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Drones used to identify pregnant dolphins from afar

Researchers are using aerial images to determine whether a dolphin is pregnant.
Researchers are using aerial images to determine whether a dolphin is pregnant.

Researchers from Aberdeen University are the first to use drones to non-invasively identify pregnant dolphins.

Drones take aerial photos of dolphin pods, then scientists measure the body width of the females in the group to identify which ones are pregnant.

For the first time, they will be able to monitor failed pregnancies as well as successful ones.

This information will help in the long-term, as a failed pregnancy could provide information on a dolphin’s health.

It is also hoped that it will help identify the causes behind an unsuccessful pregnancy, for example due to lack of food.

The new method has been trialed on the bottlenose dolphin population in the Moray Firth, which teams from the university have been studying for over 30 years.

‘First time it has been done for small cetaceans’

Previously, researchers studying the Moray Firth dolphins were only able to keep track of pregnancies that resulted in a calf.

Now, they will also be able to monitor unsuccessful ones and determine the reason why this was the case.

Research fellow in the school of biological sciences, Barbara Cheney, said: “The main aim of the study was to explore whether we could remotely determine pregnancy status from aerial photographs taken using an unoccupied aerial system or drone.

“Similar studies have been carried out for larger whales but as far as we know this is the first time it has been done for small cetaceans.

“This is important because reproductive success is key to a population’s growth, but it is particularly challenging to measure in wild populations. By using aerial photos this will allow us to routinely monitor changes in reproductive success in this protected bottlenose dolphin population supporting conservation.”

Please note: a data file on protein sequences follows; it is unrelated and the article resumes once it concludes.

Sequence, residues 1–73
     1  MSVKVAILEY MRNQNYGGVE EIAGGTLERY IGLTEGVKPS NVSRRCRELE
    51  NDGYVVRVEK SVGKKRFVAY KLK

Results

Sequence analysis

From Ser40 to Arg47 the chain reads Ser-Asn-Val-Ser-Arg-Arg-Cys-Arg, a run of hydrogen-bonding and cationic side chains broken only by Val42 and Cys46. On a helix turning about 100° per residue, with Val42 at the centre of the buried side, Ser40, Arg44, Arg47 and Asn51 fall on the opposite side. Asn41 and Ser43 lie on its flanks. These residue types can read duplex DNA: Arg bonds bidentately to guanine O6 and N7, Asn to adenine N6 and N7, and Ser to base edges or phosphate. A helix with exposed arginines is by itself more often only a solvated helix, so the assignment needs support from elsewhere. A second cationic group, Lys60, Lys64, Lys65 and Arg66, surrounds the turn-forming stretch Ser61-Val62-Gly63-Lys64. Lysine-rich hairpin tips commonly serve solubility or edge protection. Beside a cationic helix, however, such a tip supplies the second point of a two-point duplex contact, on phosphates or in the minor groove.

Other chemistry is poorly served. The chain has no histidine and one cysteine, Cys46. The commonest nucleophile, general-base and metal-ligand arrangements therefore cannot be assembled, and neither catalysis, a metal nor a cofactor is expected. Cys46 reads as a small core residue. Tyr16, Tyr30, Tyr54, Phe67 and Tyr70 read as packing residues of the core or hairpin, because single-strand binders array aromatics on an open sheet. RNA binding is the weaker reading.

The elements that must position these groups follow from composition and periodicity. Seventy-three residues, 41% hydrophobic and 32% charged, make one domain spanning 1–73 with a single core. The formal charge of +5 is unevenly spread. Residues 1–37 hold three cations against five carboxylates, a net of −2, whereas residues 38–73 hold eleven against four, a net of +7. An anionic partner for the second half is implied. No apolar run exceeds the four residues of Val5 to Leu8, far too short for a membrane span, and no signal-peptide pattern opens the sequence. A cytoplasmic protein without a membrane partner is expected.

‘Provide us with a wealth of new data’

Ms Cheney and the team have been working at Lighthouse Field Station, in Cromarty, in collaboration with Duke University in the USA and their Marine Robotics and Remote Sensing Laboratory (MaRRS).

They carried out five boat-based surveys in July and August 2017 and a total of 64 dolphins were identified.

Just one of the 15 dolphins whose pregnancy status was known, was incorrectly identified as being not pregnant.

Ms Cheney explained how this study could help determine the cause of failed pregnancy in a bottlenose dolphin: “Data on failed pregnancies could provide information on how healthy a particularly dolphin is as well as helping to identify the causes of changes in the population.

“We know that reproductive failure has been linked to harsh environmental conditions, pollution and naturally occurring toxins but previously we have only been able to estimate the impact in populations where animals are easy to capture or remotely sample.

“Gathering information is also particularly challenging in cetaceans that are highly mobile and spend much of their time underwater. This study will provide us with a wealth of new data to further improve our knowledge and understanding of reproductive success in bottlenose dolphins.”

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